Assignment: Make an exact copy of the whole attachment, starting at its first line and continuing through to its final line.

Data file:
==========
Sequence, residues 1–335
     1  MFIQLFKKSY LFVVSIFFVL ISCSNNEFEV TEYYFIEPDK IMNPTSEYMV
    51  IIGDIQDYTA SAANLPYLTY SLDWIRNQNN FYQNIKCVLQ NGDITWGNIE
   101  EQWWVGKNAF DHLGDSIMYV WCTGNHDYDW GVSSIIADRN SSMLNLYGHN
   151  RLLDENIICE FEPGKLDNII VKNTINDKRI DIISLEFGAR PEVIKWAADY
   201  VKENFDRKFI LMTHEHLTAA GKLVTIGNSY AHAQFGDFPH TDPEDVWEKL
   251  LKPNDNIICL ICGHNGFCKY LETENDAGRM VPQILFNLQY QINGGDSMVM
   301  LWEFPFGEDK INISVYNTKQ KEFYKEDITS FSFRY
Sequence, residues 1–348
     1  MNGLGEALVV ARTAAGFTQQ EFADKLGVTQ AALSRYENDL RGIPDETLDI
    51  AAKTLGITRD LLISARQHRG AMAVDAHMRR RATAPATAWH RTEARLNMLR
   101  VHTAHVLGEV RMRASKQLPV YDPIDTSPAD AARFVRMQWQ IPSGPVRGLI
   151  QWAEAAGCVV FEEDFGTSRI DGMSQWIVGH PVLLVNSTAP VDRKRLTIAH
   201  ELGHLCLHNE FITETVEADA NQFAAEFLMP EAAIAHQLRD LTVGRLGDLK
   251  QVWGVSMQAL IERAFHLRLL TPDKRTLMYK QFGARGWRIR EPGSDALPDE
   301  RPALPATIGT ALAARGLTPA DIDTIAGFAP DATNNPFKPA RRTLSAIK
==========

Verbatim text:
Sequence, residues 1–335
     1  MFIQLFKKSY LFVVSIFFVL ISCSNNEFEV TEYYFIEPDK IMNPTSEYMV
    51  IIGDIQDYTA SAANLPYLTY SLDWIRNQNN FYQNIKCVLQ NGDITWGNIE
   101  EQWWVGKNAF DHLGDSIMYV WCTGNHDYDW GVSSIIADRN SSMLNLYGHN
   151  RLLDENIICE FEPGKLDNII VKNTINDKRI DIISLEFGAR PEVIKWAADY
   201  VKENFDRKFI LMTHEHLTAA GKLVTIGNSY AHAQFGDFPH TDPEDVWEKL
   251  LKPNDNIICL ICGHNGFCKY LETENDAGRM VPQILFNLQY QINGGDSMVM
   301  LWEFPFGEDK INISVYNTKQ KEFYKEDITS FSFRY
Sequence, residues 1–348
     1  MNGLGEALVV ARTAAGFTQQ EFADKLGVTQ AALSRYENDL RGIPDETLDI
    51  AAKTLGITRD LLISARQHRG AMAVDAHMRR RATAPATAWH RTEARLNMLR
   101  VHTAHVLGEV RMRASKQLPV YDPIDTSPAD AARFVRMQWQ IPSGPVRGLI
   151  QWAEAAGCVV FEEDFGTSRI DGMSQWIVGH PVLLVNSTAP VDRKRLTIAH
   201  ELGHLCLHNE FITETVEADA NQFAAEFLMP EAAIAHQLRD LTVGRLGDLK
   251  QVWGVSMQAL IERAFHLRLL TPDKRTLMYK QFGARGWRIR EPGSDALPDE
   301  RPALPATIGT ALAARGLTPA DIDTIAGFAP DATNNPFKPA RRTLSAIK